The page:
While the prospect that significant new ongoing dollars will come from any government level seems dim in the near term, this scenario may be the most realistic over the long term. It is true that state and local governments (including school districts that serve low-income students) are under intense fiscal pressure, and federal deficits have prompted the Obama administration to release a flat 2011 budget for domestic discretionary spending. Nevertheless, and while recipients of stimulus funding know that these funds have a defined end date, the federal government is probably the most plausible source of substantial resources, but only if government funding is part of the Social Innovation Fund strategy from the start.
Front-End Quick Hits Won’t Cut It
The recession has only exacerbated the decreasing reliability and autonomy of nonprofit funding overall—for government and nonprofits in the education, community-health, and cultural fields, for example—especially for small organizations and nonfederally funded organizations serving low-income communities. Today, even Teach for America—one of the best-recognized social innovations—must compete for its federal earmark of $18 million a year. The chosen subgrantees for the Social Innovation Fund will undoubtedly struggle to find lasting commitments to sustain their work.
The track record of short-term demonstration grants, special projects, and model programs is unfortunately that of high levels of initial activity and “promising results”—and then, suddenly, they’re gone. Supporters of innovation should read Lisbeth Schorr’s 1988 book Within Our Reach: Breaking the Cycle of Disadvantage, which analyzed social programs that effectively combatted serious social problems (such as high rates of single parenting, youth violence, and school failure). According to Schorr, the good news was that many projects succeeded. The bad news was that, after being starved of resources for five years or more, these successful projects often disappeared.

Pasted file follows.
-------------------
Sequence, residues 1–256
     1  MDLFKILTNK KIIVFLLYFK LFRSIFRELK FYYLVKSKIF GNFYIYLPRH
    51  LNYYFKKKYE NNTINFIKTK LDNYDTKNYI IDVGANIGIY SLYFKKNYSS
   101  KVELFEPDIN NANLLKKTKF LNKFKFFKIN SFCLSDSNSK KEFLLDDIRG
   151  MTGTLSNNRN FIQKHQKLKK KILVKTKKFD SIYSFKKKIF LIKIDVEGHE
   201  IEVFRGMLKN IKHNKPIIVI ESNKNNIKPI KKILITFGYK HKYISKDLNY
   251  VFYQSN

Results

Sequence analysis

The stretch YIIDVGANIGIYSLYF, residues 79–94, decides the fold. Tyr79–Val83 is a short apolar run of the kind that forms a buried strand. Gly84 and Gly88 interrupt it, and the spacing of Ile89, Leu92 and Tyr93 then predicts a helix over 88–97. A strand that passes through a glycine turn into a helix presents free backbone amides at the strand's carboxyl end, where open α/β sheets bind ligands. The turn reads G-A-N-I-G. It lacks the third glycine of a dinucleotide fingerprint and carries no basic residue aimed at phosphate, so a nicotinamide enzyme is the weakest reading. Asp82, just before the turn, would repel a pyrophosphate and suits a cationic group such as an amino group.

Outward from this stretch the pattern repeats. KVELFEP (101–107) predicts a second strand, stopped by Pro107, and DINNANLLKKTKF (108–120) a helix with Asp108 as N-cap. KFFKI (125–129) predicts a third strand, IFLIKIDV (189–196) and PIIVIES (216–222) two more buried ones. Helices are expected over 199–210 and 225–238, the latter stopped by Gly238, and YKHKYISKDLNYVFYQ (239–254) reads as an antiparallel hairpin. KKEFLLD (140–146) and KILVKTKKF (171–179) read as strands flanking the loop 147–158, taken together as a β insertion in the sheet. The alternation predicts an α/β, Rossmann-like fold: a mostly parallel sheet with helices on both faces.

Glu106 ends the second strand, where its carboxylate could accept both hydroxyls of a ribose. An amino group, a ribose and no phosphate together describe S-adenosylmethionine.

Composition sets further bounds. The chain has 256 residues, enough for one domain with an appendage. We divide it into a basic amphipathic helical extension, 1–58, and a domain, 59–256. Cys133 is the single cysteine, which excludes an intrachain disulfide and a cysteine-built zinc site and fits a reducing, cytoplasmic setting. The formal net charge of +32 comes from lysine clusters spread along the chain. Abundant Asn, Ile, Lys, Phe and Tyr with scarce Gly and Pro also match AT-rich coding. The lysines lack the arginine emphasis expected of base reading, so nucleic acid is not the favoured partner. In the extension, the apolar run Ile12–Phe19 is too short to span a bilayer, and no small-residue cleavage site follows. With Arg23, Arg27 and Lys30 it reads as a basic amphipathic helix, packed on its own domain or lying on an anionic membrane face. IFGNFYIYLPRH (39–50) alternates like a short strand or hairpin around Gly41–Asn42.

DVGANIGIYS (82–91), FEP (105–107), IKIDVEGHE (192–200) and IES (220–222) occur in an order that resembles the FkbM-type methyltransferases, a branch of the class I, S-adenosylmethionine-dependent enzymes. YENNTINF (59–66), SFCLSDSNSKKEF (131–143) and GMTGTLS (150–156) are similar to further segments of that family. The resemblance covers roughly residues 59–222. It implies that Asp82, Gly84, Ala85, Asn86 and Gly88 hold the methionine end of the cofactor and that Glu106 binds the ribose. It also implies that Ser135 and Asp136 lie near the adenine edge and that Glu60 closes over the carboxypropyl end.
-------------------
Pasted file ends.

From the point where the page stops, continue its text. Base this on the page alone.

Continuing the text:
By definition innovation is new. In the philanthropic world, innovation tends to attract attention and resources on the front end. It’s what comes after that will legitimately determine whether the Social Innovation Fund has been “transformative.”
Based on the goals for the Social Innovation Fund, short-term commitments without a chance of continuation will create more false hope and sabotage than true social innovation. This is particularly true when intermediaries are foundations, which will have to work hard to increase their attention span and willingness to make commitments.
There is a great deal of interest in how the Social Innovation Fund will be used. It will be up to the designated intermediaries and the Corporation for National and Community Service to make these grants the beginning of enduring investment that can be fairly described as “effective, accountable, and worthy of public trust.”
Jon Pratt is the executive director of the Minnesota Council of Nonprofits and a contributing editor to the Nonprofit Quarterly.
Copyright 2009. All rights reserved by the Nonprofit Information Networking Association, Boston, MA. Volume 17, Issue 2. Subscribe | buy issue | reprints.